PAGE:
Look, everybody knows the basic arc of the Star Wars saga. Luke discovers that Darth Vader is his father, sets out to redeem him, manages to turn Vader away from the dark side before Vader dies. However, that’s never been quite how it works. The actual arc is a lot messier and more complicated, and a lot less conventionally heroic than it is remembered. Return of the Jedi never actually bothers to redeem Vader, instead focusing on redeeming Luke’s idea of Vader. At its core, Return of the Jedi is a story about how hard Luke wants to believe his father was a good man, in spite of all evidence to the contrary.

Along the way, Luke gambles the entire future of the Rebel Alliance and his sister’s fate on the assumption that there is goodness in Vader, while the film never actually bothers to demonstrate that there is any. It’s a fascinating incomplete arc, and one that hints at a gaping moral void at the heart of the larger Star Wars saga. It’s a story about how an individual’s redemption doesn’t matter, only other people’s idea of that redemption. In its own way, it marks Return of the Jedi as a quintessentially eighties movie; it is a story about how the most important thing to Luke is not the fate of the galaxy, but his own self-image.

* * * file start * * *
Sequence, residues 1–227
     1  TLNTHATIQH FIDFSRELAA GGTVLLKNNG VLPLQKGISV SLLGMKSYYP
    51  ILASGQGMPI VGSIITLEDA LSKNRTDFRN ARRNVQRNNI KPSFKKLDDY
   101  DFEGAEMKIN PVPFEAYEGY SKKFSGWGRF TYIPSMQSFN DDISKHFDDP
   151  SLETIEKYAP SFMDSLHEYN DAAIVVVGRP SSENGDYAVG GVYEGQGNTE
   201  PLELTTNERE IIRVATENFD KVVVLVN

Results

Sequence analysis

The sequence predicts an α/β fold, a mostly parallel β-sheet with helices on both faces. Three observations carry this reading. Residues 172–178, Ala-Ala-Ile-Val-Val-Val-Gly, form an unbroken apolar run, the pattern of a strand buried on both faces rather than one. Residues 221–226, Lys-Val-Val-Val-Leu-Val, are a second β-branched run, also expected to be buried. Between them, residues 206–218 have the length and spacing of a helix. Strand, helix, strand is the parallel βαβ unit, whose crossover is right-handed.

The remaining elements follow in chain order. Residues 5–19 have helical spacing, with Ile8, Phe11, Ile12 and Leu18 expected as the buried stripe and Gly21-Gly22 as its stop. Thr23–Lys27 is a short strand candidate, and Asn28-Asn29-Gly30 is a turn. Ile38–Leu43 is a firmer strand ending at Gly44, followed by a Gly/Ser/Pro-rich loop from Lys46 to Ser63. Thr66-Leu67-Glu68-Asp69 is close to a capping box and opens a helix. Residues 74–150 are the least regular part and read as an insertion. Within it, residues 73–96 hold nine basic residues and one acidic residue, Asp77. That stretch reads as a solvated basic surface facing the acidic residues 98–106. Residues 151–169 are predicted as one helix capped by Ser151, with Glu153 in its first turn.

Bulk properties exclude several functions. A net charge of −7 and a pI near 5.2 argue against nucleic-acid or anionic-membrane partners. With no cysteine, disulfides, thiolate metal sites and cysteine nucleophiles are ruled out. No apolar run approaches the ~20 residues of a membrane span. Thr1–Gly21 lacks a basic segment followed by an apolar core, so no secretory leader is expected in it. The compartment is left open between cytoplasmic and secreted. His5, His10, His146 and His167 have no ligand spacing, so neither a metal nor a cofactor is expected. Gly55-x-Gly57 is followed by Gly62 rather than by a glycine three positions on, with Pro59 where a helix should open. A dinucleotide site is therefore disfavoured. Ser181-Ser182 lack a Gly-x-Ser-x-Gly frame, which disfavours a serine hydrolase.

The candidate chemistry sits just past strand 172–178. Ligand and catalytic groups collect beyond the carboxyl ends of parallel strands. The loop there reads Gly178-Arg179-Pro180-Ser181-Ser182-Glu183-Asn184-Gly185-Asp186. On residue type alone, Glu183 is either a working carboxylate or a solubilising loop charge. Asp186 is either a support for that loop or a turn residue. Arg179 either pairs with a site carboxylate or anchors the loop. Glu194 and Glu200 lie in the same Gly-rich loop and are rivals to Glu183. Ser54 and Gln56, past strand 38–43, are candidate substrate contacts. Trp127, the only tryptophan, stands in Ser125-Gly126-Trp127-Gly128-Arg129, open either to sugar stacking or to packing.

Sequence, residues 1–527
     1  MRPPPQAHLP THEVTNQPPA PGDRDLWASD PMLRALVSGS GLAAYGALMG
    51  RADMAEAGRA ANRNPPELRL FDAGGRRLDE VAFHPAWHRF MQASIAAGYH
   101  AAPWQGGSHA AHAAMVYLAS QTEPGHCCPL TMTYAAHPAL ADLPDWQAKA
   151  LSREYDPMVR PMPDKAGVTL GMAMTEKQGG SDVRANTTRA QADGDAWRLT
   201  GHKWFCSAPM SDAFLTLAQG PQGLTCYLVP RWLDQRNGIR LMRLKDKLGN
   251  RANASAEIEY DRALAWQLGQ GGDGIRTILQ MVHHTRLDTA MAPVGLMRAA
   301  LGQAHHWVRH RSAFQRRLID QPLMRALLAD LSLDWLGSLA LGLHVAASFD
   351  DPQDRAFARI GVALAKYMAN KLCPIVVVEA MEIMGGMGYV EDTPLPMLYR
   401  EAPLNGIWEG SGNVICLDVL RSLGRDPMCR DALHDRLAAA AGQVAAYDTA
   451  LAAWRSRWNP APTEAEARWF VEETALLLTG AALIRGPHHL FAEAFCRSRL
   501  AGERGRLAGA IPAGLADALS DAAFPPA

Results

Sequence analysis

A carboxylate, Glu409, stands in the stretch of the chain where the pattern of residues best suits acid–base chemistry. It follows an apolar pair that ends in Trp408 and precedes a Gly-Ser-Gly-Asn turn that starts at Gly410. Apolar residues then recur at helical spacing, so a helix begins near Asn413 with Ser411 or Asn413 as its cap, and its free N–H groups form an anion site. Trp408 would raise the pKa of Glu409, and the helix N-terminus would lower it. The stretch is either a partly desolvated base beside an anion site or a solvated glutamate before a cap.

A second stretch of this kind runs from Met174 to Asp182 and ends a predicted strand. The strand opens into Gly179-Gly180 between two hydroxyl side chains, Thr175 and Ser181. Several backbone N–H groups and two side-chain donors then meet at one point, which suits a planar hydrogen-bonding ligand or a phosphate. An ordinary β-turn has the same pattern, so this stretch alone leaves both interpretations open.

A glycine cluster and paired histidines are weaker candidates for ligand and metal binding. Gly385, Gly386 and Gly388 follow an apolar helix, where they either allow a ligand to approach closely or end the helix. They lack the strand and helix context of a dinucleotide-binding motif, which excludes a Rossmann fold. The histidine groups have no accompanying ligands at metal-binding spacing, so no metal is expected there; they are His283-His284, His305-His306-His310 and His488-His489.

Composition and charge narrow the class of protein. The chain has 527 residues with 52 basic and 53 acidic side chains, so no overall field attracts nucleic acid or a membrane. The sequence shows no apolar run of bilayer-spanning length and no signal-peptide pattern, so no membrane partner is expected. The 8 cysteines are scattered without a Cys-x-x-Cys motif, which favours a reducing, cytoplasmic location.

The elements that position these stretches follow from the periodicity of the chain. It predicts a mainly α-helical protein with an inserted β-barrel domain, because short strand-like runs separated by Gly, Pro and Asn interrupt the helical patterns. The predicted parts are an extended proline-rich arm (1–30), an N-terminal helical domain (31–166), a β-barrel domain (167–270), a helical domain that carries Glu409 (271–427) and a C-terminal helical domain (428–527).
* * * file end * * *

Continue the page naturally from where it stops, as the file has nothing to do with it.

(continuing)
You can read the piece here, or click the picture below.

New Escapist Column! Luke Skywalker, “The Last Jedi” and “Star Wars” as a Saga of Generational Failure…

I published a new In the Frame piece at Escapist Magazine this week, looking at the (in some quarters controversial) handling of Luke Skywalker in The Last Jedi.

The Star Wars saga has always been – at its heart – a story of generational failure, about how the older generation inevitably fails the younger one. This was true of the prequels with characters like Qui-Gon Jinn, Mace Windu and Count Dooku. It was also true of the original trilogy with Obi-Wan Kenobi, Darth Vader and Yoda. “We are what they grow beyond,” Yoda tells Luke in The Last Jedi, and that has always been the franchise’s core philosophy. The only problem is that some of the audience grew up with Luke, and are not yet ready to grow beyond him.